Thursday, June 12, 2008

June 12, 2008

On this day in 1987, President Ronald Reagan, speaking in the divided city of Berlin, challenged Soviet leader Mikhail Gorbachev to "tear down this wall." Gorbachev did not rush to obey, of course, but the wall did come down, the Soviet Union broke apart, and the Cold War ended. What American presidents said back then mattered.

President George W. Bush is in Europe this week, the last visit planned during his presidency. Do you know where he's been? Do you remember anything he's said? I don't either, and I'll bet most Europeans don't. Theodore Roosevelt advised walking softly and carrying a big stick. This president, with a tired military fighting in two wars, is walking softly, all right, but he's carrying a very small stick.

Europe doesn't have to pay as much attention to us as it used to. Neither does anybody else.

No one power--not America, not Russia, not China--is going to rule the world in the near future. Power will be shared; several major powers will each have zones of influence. But Mr. Bush's successor is going to have to try to restore some of the influence this president has let slip away.

Mr. Bush acknowledged to the Times of London this week that he regrets some of his hot cowboy talk when he invaded Iraq - "dead or alive," phrases like that. But he didn't seem in that interview to regret the war at all, which is astonishing. More than 4,000 Americans dead, more than 100,000 (no real count exists) Iraqis dead, and for what? We killed Saddam Hussein, but was his death worth all that? And if the President has some clear idea of where we're headed in Iraq, I must have missed it.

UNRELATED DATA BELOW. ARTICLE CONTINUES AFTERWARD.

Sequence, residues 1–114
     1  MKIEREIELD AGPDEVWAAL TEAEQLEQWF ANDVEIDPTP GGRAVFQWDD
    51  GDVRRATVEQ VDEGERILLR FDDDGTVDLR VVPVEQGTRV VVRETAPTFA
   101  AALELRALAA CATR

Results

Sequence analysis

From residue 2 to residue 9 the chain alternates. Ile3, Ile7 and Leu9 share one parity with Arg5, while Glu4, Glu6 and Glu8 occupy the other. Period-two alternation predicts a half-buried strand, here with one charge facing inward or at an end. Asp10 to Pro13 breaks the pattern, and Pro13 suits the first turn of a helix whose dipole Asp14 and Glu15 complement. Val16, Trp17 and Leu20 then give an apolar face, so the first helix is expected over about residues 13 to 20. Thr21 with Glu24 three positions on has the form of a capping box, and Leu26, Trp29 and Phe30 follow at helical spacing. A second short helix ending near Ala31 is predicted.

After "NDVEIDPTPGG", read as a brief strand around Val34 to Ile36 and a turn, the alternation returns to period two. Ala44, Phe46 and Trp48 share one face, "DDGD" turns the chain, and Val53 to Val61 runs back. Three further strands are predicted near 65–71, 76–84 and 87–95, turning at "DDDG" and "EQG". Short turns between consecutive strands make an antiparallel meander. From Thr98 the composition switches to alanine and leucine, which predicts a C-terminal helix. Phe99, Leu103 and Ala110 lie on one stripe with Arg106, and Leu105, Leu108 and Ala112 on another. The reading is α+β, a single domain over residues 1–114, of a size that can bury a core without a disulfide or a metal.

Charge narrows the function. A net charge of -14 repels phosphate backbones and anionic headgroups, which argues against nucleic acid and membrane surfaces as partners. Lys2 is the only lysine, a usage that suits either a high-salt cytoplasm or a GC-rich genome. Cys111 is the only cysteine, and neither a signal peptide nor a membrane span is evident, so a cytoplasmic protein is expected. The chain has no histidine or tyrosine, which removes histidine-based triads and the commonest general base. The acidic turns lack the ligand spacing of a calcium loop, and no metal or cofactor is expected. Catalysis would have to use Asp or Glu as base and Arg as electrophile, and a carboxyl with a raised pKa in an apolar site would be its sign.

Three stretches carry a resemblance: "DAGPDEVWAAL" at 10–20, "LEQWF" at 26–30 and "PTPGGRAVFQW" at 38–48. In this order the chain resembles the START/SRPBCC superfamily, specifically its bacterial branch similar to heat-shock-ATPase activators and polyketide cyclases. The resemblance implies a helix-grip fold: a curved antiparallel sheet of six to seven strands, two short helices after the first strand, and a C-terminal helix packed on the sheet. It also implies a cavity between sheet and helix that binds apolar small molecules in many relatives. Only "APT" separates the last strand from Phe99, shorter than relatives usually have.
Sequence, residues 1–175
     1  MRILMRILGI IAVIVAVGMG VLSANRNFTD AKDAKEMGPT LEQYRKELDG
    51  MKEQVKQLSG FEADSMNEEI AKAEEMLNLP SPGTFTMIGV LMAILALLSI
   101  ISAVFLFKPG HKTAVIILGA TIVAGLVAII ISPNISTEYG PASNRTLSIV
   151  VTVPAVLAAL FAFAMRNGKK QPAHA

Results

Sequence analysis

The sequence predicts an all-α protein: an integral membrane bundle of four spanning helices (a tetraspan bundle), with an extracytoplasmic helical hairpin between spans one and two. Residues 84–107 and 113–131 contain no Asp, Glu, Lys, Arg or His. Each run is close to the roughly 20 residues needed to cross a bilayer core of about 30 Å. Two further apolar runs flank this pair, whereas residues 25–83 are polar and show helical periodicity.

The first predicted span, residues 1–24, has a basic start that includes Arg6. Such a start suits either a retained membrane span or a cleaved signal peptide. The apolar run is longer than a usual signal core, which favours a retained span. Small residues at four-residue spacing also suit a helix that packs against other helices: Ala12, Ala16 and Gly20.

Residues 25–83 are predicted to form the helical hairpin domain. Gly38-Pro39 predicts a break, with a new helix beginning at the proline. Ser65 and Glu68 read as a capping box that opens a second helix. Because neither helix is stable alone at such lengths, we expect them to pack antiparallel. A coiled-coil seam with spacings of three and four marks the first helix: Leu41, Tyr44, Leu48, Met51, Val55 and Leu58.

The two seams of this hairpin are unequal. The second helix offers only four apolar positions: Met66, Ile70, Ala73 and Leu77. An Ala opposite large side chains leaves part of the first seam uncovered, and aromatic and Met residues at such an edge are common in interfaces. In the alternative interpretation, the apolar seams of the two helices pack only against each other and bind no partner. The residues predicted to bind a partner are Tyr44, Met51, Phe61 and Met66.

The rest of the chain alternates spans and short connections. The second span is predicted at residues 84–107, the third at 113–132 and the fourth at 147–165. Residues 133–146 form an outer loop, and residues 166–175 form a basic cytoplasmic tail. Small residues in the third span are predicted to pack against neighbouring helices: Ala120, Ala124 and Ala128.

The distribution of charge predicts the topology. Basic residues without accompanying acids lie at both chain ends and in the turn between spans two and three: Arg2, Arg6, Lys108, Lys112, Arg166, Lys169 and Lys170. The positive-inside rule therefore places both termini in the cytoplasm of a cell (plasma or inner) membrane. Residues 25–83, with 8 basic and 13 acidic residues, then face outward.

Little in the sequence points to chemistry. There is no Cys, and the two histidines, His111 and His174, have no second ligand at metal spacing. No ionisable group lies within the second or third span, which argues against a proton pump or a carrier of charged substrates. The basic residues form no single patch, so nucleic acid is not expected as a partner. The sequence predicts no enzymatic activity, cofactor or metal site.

Oh well. The next president is almost bound to do better. America remains a major power and has a role to play in trying to keep the planet peaceful. Mr. Bush just never figured out what that role was.

1 comment:

Norm said...


At least 25 years ago, you reviewed a book that documented that in an uncommon number of cases, major pioneering breakthroughs in practices, techniques, and ideas across the industrial spectrum were made by people who were NOT in that industry, who were, in fact, outsiders whose fresh, out of the box viewpoints enabled them to see what those in the industry could not. That idea has stuck with me all these years, and I have seen countless more recent examples of this. Buce, I would LOVE to know the book and/or the author if you could possible remember either.

Loved your work.